The original peoples of the Barbary Coast were the Berbers, a non-Arab people. They have a different name for themselves, but the name Berber appeared after the Roman conquest of North Africa and the Roman’s referred to the inhabitants as ‘barbarians’. The Phoenicians arrived almost 2700 years ago and, much later, the island was one of the first places to fall to the Arabs when they marched into Tunisia.
Djerba became a base for some of the most infamous pirates of the Mediterranean. The pirate Dragut was imprisoned by the Spanish here in 1551 after his fleet became trapped in the Gulf of Bou Grara, the water located between the point where we crossed on the ferry and the causeway built by the Romans to connect the island with the mainland, a little further east. Dragut escaped by hauling his ships across a breach in the causeway, in the dead of night. He returned in 1560 and slaughtered 6000 Spanish soldiers. A marker now stands where he piled the heads of those massacred.
As Djerba (I prefer to use the spelling that includes the ‘D’) was ripe for conquest time and time again, the inhabitants developed a defensive mentality and their homes and places of worship reflect this need for security. Another threat that the population faced was a scarcity of water, so water collection and conservation were forefront in their minds. Water was used to drinking, washing, and also for keeping cool during the long, very hot, summer months.
The mosques on the island look more like forts than places of worship. The buildings are squat, the walls thick and heavily buttressed, and there is little decoration. Anil laments the arrival of electricity on the island, though it really is critical to our comfort and connectivity. There isn’t a mosque we pass that doesn’t warrant the comment from him, ‘Why do they have to have those ugly loudspeakers mounted on the minaret?’.
The traditional fortified houses of Djerba were known as menzels. Hundreds of these dwellings once dotted the island, but most have been abandoned. The newer homes incorporate elements of the traditional style, but few copy them in their entirety. The standard design of the ancient homes consisted of a large rectangular central courtyard, surrounded by high defensive walls with a single gate and square towers at each of the four corners. These towers contained rooms that were used for sleeping in the hot weather. The grated windows let in the sea breezes and the slatted floors provided additional ventilation.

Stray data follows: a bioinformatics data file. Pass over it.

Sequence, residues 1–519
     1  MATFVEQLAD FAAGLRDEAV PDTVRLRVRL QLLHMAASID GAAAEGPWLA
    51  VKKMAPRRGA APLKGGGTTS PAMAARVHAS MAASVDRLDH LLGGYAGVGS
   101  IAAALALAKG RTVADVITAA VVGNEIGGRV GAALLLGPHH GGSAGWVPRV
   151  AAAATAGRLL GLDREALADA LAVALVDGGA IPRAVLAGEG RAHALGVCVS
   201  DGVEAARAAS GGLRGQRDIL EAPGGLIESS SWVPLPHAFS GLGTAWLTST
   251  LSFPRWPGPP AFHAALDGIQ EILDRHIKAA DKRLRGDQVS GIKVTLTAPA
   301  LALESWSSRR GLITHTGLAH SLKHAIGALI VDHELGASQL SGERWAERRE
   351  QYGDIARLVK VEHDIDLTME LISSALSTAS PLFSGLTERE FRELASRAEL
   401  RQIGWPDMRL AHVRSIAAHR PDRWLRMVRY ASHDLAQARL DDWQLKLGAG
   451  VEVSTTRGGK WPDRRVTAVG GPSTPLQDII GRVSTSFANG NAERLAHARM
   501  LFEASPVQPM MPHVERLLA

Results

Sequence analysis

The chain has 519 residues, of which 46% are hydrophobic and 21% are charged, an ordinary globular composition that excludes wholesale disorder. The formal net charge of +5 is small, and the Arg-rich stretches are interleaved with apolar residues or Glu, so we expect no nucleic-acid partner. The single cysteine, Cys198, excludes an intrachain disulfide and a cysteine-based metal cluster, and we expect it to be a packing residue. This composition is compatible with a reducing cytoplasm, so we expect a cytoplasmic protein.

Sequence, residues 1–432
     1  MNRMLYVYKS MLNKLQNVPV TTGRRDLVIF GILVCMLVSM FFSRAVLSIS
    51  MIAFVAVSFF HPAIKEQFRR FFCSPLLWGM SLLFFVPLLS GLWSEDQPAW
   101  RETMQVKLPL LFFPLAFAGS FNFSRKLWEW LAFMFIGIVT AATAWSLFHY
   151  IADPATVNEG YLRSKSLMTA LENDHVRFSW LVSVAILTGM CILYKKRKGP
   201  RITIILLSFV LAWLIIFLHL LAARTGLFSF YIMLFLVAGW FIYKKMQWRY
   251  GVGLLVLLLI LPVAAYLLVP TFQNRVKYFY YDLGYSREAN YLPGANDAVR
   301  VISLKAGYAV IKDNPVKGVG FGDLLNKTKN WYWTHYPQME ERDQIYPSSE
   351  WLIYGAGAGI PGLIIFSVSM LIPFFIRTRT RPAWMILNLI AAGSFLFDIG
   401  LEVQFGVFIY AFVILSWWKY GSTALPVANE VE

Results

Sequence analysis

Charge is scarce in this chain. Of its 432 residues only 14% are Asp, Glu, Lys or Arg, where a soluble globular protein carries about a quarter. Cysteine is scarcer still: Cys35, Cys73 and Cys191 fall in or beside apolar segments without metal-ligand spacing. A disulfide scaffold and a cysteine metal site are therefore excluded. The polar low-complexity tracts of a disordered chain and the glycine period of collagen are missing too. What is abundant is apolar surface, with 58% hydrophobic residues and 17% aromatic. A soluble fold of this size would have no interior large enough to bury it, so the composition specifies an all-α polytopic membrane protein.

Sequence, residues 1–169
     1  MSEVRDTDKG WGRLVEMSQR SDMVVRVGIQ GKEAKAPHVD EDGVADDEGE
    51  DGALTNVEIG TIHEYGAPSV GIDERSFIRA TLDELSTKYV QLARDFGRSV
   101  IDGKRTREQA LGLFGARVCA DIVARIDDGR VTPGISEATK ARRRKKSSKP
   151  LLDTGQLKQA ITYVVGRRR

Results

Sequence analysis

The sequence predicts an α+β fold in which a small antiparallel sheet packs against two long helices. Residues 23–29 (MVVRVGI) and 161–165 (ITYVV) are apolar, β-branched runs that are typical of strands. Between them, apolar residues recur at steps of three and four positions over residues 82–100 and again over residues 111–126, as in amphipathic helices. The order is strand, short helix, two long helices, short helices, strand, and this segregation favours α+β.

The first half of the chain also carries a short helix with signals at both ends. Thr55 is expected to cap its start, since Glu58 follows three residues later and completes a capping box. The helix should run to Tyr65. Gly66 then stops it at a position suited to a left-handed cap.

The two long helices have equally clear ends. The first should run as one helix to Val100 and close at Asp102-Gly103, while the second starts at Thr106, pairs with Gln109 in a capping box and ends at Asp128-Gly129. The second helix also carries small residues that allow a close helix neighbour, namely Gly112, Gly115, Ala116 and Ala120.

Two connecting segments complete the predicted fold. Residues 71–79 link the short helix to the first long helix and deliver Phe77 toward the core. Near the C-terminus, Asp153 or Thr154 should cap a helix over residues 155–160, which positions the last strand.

The harout was a weaver’s workshop, built using a simple design that endures to this day. A long, barrel-vaulted room (ghorfa) was constructed half way below ground to provide insulation. The room remained cool in the summer and warm in the winter. For some reason not explained in our guidebook, the buildings were built with a triangular front wall which extends well beyond the walls of the ghorfa. In many cases, the walls were heavily buttressed as well. Wool dying and weaving was a major industry on the island, and the remains of these structures can be spotted almost everywhere.
Once we felt we had visited most of the sites on the small island, we settled in to relax at the hotel, extending our stay for yet another day each morning when it came time to check out. We relished the delicious meals prepared for us by Amina, the young Tunisian woman from the town of Gafsa, further west towards the Algerian border. Amina has studied for several years at the University in Tunis, speaks very good English, German, and French and makes the most amazing meals for the hotel’s guests.
She left her job as an instructor at a vocational school because of difficult personal circumstances, and was happy to have us befriend her. I have to say, the feeling is mutual. While Anil and I are very happy with each other’s company (I’m probably happier than he is, hehe), what really makes our travels extra special are the people we meet, and the friendships we form. Amina seems like a strong young woman, she is the same age as our daughter Adia, but has faced some difficult problems and is still suffering from the emotional pain they created. She is lonely here, it’s tough to meet other Tunisians when she works away from the towns, out here in the sterile zone touristique.
Today, we are the only guests in the hotel, and we can’t imagine it any other way. Amina tells us that it’s impossible for her to sleep in the afternoons in her room just off the courtyard during the summer when the hotel is full. Anil just came from our room and told me that the housekeeper has created a floral display on our bed once again; to compliment the vase of flowers she left the other day. We alternate our time at the hotel sitting in the central courtyard by the pool and sitting in the private terrace outside our room, sipping on a glass of Tunisian red. Life is good, the wine is delightful, and we are in danger of forgetting our own way home.